Tuesday, October 10, 2006

Saint Vitus

Vitus, according to his extremely unreliable legend, become a Christian when he was very young, around the age of 12, through the influence of the servants who tended him. His tutor and nurse accompanied him on his tours around Sicily where he performed many miracles and converted hundreds if not thousands. When his deeds became widely known his angry father surrendered him to the authorities, who attempted to 'cure' him of his faith. They were unsuccessful, and Vitus with his tutor and nurse fled to Lucania and then to Rome, where he exorcised Emperor Diocletian's son of an evil spirit.

When Vitus would not sacrifice to the Roman gods his cure was attributed to sorcery. He was subjected to various tortures, including submersion in a cauldron of molten lead, from which he emerged unscathed. Vitus was then thrown into the den of a hungry lion, and the beast merely licked him affectionately. One version says that the tormentors gave up and freed Vitus and his companions when during a storm temples were destroyed and an angel guided them back to Lucania, where they eventually died.

The fact remains that his cult is an ancient one. No one is really even certain about when Saint Vitus lived, although most place his martyrdom at the time of Diocletian. There is even some confusion about the site of his martyrdom.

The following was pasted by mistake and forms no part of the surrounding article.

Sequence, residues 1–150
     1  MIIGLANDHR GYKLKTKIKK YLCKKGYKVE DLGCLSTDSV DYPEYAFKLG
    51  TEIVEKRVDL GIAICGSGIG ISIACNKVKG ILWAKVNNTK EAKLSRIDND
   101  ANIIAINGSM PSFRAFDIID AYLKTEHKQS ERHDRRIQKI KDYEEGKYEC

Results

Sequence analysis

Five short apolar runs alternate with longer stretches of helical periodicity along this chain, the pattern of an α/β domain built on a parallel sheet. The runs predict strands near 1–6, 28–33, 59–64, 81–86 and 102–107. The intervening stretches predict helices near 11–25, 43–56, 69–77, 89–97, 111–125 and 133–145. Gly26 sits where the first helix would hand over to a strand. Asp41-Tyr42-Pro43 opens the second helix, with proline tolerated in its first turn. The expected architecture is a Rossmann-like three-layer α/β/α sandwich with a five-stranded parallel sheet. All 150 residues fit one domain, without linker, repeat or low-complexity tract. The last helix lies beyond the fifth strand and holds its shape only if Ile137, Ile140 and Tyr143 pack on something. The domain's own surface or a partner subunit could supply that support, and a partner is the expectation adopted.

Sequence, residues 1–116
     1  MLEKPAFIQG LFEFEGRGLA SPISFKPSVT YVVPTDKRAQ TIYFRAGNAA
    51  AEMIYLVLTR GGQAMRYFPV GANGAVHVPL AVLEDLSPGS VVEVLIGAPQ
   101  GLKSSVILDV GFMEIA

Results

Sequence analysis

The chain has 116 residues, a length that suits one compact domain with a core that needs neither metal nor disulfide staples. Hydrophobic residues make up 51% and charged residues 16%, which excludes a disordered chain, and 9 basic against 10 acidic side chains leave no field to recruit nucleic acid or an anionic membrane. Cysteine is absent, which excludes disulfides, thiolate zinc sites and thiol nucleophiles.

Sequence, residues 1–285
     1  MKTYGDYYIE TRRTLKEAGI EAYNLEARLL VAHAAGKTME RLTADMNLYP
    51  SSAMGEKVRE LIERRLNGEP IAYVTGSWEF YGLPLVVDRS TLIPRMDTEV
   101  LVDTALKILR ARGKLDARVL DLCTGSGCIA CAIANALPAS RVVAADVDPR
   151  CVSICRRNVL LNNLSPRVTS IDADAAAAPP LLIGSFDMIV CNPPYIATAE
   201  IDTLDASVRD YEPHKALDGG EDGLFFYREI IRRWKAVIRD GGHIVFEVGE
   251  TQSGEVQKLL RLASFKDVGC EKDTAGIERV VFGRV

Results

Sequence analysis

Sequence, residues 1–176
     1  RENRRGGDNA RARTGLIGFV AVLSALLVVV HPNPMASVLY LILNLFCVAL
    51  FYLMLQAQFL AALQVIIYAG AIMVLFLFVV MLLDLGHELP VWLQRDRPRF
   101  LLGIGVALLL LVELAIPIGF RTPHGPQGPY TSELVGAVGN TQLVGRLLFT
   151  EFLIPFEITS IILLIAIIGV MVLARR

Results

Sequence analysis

Saint Vitus is one of the Fourteen Holy Helpers, who, are especially venerated in France and Germany. The Holy Helpers are believed to have especially effective intercessory power. The relics of Vitus are said to possess many healing properties, especially when epileptics pray before them

Saint Vitus is the patron of Prague, dogs, domestic animals, young people, dancers, copper smiths, actors, comedians, and mummers. He is invoked against epilepsy, lightning, poisoning by dog or snake bite, sleeplessness, snakebite, storm, and Saint Vitus Dance (Sydenham's chorea, a nervous disorder)

The reason for his patronage of the Dramatic arts and Dance is thought to be related to the practice of16th century Germans who believed they could obtain a year's good health by dancing before the statue of Saint Vitus on his feast day. This dancing developed almost into a mania, with convulsions and twitching, which could resemble chorea, the nervous condition later known as Saint Vitus' dance.

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